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Occupy Wall Street

Social media: a platform for ‘The Protester,’ TIME Person of the Year

href=”http://www.time.com/time/” target=”_blank”>TIME magazine announced its person of the year: The Protester.

Talita Calitz
Talita studied Journalism and Visual Communication at the University of Pretoria. Travelled a bit, worked here and there and now resides in Cape Town where she’s the... More

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This is hardly surprising since protesters have been making headlines across the world with a message for change. Since TIME magazine’s announcement “#TheProtester” and “#PersonOfTheYear” have been trending topics on Twitter.






It all started in Tunisia almost exactly a year ago when 26-year-old street vendor, Mohamed Bouazizi, set himself ablaze after years of abuse from authorities. This incident became a pivotal point in the Arab Spring protests against the Tunisian dictator’s power.

That flame of protest spread to other nations including Egypt, Libya, Bahrain, and Syria, where the uprisings continue and civil war has, at times, loomed.

Protests, of course, also flared up in developed nations. Regardless of the cause, a domino effect started to take place around the world with protests popping up in major cities. Most recently Occupy Wall Street has sparked similar Occupy protests in the UK, Europe, and elsewhere.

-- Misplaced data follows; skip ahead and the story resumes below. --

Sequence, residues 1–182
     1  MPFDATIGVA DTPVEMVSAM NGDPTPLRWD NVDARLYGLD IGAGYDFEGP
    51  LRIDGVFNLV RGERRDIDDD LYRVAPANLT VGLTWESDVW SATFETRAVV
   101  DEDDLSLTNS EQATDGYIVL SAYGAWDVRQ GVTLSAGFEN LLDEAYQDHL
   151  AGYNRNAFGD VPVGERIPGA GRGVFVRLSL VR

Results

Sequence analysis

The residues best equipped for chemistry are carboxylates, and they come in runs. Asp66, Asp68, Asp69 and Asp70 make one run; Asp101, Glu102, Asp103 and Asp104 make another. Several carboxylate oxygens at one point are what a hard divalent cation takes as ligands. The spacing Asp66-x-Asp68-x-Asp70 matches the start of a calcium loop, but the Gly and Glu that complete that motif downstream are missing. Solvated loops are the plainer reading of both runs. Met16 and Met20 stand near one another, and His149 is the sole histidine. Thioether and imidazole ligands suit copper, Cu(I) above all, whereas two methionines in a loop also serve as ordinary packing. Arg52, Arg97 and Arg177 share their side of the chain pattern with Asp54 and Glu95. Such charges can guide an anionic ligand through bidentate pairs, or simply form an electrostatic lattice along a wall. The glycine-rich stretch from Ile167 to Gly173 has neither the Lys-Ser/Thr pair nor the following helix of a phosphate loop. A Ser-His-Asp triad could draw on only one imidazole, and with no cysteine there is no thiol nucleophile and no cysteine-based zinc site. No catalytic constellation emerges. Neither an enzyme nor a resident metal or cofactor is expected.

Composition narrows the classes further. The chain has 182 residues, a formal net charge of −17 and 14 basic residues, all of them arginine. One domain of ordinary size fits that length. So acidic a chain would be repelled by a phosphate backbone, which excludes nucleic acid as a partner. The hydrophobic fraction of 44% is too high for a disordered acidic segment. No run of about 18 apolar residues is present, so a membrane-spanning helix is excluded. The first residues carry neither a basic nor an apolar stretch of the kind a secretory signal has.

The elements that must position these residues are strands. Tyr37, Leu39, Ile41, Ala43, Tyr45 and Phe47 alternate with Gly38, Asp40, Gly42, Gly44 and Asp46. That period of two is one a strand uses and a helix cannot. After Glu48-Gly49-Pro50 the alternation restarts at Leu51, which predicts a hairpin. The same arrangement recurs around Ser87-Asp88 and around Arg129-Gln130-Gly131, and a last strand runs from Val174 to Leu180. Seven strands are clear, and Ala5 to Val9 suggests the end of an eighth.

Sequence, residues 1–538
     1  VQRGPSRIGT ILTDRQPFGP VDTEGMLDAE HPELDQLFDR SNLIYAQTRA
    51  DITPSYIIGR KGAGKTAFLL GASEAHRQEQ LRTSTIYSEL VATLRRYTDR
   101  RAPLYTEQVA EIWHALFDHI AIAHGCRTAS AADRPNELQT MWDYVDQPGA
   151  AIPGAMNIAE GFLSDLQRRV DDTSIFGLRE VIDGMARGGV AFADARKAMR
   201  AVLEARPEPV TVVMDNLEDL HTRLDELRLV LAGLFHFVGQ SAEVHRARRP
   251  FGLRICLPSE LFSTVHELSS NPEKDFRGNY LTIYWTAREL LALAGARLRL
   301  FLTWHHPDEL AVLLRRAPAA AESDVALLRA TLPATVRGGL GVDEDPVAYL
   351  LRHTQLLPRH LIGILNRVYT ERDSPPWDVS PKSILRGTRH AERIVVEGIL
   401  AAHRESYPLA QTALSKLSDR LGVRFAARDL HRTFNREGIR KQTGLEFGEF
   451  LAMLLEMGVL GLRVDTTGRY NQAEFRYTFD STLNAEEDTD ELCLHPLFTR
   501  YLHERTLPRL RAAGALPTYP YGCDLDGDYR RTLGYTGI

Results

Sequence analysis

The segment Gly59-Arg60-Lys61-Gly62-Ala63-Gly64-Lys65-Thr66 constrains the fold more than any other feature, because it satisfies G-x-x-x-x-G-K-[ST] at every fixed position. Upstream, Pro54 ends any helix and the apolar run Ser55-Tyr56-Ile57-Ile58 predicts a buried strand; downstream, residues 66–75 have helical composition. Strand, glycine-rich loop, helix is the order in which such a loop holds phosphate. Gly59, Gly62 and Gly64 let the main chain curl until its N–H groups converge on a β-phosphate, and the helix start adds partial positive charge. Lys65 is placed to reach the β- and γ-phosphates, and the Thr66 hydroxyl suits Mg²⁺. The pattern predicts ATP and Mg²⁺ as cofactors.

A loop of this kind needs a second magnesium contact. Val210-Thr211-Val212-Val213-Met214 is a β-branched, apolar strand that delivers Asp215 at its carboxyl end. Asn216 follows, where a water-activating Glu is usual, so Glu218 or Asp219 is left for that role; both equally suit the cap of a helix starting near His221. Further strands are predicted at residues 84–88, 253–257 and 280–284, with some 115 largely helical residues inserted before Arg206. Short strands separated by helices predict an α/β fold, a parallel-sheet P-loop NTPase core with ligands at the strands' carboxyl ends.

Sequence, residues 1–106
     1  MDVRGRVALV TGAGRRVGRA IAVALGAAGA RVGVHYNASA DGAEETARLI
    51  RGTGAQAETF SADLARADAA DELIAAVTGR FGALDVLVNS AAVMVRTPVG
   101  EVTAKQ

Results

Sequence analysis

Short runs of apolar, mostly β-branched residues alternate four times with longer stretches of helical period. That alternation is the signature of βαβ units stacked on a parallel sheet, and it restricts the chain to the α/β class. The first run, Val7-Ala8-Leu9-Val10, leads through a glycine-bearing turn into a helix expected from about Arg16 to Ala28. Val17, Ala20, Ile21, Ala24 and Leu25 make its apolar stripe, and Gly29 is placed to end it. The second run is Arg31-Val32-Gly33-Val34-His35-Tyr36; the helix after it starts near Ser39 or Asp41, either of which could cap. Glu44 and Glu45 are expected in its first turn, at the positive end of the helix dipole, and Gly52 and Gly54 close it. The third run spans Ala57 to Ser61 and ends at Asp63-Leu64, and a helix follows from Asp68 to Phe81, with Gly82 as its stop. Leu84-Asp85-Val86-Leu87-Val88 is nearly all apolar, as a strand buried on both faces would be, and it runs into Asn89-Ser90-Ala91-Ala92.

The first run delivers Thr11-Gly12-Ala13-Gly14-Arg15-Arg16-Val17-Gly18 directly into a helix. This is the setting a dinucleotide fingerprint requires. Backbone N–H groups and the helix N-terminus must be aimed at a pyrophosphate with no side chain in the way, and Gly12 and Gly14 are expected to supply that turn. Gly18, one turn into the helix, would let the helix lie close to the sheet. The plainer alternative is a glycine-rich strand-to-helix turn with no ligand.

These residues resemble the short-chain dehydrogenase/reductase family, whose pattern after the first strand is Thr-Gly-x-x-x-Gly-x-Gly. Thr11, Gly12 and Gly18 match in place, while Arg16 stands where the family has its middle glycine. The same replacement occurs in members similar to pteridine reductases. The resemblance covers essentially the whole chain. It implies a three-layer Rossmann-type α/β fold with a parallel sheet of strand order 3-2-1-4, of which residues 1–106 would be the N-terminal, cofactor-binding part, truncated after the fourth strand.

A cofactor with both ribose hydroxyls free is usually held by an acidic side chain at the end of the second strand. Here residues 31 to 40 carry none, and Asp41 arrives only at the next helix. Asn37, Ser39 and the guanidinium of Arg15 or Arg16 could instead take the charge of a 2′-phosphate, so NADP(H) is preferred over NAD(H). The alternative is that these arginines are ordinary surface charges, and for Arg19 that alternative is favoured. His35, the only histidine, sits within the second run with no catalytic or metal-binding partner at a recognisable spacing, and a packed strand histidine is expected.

Whether in a square in Cairo or a park in New York, there has been one thing that has connected all these protests. The Protester has been active on social media platforms as a means of getting their message out to the masses.

The Arab Spring and Occupy stories have been some of the top trends on Twitter and there are various Facebook groups with thousands of fans and members.

It is said that nearly 9 in 10 Egyptians and Tunisians used social media to organise protests and spread awareness. At the height of the Arab Spring, Facebook popularity in countries like Tunisia, Egypt and Bahrain increased and the #Egypt hashtag had 1.4-million mentions in the first quarter of the year. #Jan25 became a symbol for pro-democracy movements in Egypt. In only two months since it began, #Occupy Wall Street received 3.5 million social media mentions.






Image: PaulS

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